Fall 2012 cohort
Lauren Jennings (Musicology) received her Ph.D. in Historical Musicology from the University of Pennsylvania in 2012. Her research focuses on intersections between music and literature in 14th-century Italy, as reflected in her dissertation, Tracing Voices: Song as Literature in Late Medieval Italy. As a Provost’s Postdoctoral Scholar, she will continue her work on the material life of 14th-century Italian song in both notated and un-notated sources, aiming to subvert the conventional separation of poetry and music and to demonstrate how the literary identity of song texts is central to the musical and cultural significance of this repertoire.
Julianne Werlin (English) receive her Ph.D. in English from Princeton University in 2012. Her research interests include Early Modern literature, politics, intellectual history, as well as contemporary poetry and the history of utopian and science fiction. During her time at USC, Julianne aims to revise her dissertation, The Impossible Probable: Modeling Utopia in Early Modern England, into a book. In addition, she plans to begin a second book project on the poetics of war.
Gaoheng Zhang (French and Italian) received his PhD in Italian Studies from New York University in 2011. His work draws on theoretical works in cinema, mobility, and gender and masculinity studies, analyzing Italian notions of national identity, class, migration, colonialism, and East-West relations through the lens of the cinematic construction of the mobility and gendered identities of travelers in these films. His current book project entitled The Culture of Chinese Immigration to Italy (2000-2010): Identity, Media, Entrepreneurship, and Diplomacy investigates how identities of Chinese immigrants in Italy were constructed and contested in the media by Italians and the immigrants themselves between 2000 and 2010. He plans to analyze the impact Chinese entrepreneurship in Italy and international diplomacy has had on these immigrants’ racial and gendered identity negotiations.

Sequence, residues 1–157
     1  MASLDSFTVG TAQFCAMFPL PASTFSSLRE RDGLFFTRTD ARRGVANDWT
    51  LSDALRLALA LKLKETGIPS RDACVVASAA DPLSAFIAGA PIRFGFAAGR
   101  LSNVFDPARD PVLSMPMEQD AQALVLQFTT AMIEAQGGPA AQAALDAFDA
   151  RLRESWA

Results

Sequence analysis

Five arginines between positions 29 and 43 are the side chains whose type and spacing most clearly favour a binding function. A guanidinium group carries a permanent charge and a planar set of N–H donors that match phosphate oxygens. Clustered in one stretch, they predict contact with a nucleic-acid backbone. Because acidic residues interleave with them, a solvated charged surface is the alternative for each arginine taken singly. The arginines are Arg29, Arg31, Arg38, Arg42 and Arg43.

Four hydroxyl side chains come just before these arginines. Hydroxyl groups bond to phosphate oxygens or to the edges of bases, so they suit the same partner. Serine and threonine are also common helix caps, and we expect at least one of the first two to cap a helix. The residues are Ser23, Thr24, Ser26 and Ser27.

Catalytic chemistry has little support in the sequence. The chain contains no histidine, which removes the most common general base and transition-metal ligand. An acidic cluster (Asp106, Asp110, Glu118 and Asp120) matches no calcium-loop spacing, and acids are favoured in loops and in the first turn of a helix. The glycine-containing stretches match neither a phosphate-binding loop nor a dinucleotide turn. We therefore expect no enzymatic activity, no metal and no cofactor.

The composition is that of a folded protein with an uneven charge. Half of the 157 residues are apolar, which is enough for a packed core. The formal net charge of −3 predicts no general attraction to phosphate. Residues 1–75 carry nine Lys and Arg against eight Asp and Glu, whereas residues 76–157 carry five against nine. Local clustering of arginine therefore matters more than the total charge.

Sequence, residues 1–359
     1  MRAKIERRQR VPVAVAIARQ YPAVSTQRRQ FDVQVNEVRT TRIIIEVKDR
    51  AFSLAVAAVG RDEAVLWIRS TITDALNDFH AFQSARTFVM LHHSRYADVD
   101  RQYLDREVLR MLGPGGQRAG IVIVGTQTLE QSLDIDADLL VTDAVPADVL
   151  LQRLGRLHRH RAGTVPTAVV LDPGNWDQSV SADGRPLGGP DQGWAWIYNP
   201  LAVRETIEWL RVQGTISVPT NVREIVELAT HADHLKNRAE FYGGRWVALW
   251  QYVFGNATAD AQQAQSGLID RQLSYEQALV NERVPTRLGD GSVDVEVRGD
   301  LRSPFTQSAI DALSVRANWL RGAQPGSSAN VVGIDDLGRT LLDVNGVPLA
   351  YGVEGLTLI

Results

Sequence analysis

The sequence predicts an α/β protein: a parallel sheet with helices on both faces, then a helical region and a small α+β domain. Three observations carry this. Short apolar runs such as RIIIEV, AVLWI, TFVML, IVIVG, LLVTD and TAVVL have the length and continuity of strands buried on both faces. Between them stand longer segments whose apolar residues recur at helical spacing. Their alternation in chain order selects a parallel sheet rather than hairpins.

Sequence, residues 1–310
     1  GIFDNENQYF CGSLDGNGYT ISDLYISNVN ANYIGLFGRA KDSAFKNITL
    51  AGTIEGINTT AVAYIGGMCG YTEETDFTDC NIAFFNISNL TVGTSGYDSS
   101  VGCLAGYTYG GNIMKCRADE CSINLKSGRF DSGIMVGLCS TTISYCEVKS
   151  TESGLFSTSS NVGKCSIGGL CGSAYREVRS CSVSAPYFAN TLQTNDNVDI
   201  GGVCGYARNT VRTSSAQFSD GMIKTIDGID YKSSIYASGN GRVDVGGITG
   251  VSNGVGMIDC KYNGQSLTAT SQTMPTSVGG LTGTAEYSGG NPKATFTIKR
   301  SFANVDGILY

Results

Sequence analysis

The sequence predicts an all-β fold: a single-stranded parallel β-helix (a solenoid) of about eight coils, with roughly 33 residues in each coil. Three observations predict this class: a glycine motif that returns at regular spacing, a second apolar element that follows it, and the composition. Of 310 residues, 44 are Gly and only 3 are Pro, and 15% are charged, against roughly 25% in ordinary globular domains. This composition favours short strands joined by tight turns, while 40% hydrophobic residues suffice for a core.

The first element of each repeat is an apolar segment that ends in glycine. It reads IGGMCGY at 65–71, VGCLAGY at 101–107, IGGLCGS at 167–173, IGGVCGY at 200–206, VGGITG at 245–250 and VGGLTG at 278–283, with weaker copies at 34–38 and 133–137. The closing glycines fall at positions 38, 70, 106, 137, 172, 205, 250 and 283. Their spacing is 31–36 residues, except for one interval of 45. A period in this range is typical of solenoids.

Three Provost’s Postdoctoral Scholars from this cohort have secured faculty positions after just one year of postdoctoral fellowship:
Bradford Bouley (History) received his Ph.D. from Stanford University. His area of specialization is in early modern Europe with a focus on religious and scientific developments, especially as they relate to contemporary understanding of the human body. While at USC, he converted his dissertation, Dissecting the Holy: Anatomy and Sanctity in Early Modern Italy, into a manuscript for publication.
Bouley will join the Department of History at Penn State as an Assistant Professor of History.
Anastasia Kayiatos (Slavic Languages and Literature) received her Ph.D. in Slavic Languages and Literatures with a Designated Emphasis in Women, Gender and Sexuality from the University of California, Berkeley. Her research interests concern gender, sexuality, and the body in Russia from the nineteenth century to the present. Also, she has fully developed a second field in queer and feminist theory, and a specialization in deaf and disability studies. During her time at USC, Kayiatos revised her dissertation into a book manuscript on silent performances of sexual difference in the Soviet Union, entitled Suggestive Gestures: Toward a Queer Socialist Aesthetic.
Kayiatos will join Macalester College’s Russian Studies Department.
Bryan W. Roberts (Philosophy) received his PhD in History and Philosophy of Science from the University of Pittsburgh. His research interests bridge between questions of traditional philosophy and the constraints of modern physics, as reflected in his dissertation, Time and ontology: a study in the foundations of quantum theory. As a Provost’s Postdoctoral Scholar, he aimed to expand on his dissertation for publication through further investigation of the connection between time and ontology when relativity is considered and the exploration of the broader question about our human ability to measure time.
Roberts will begin work as a tenure-track lecturer with the Department of Philosophy, Logic and Scientific Method at the London School of Economics and Political Science in October 2013.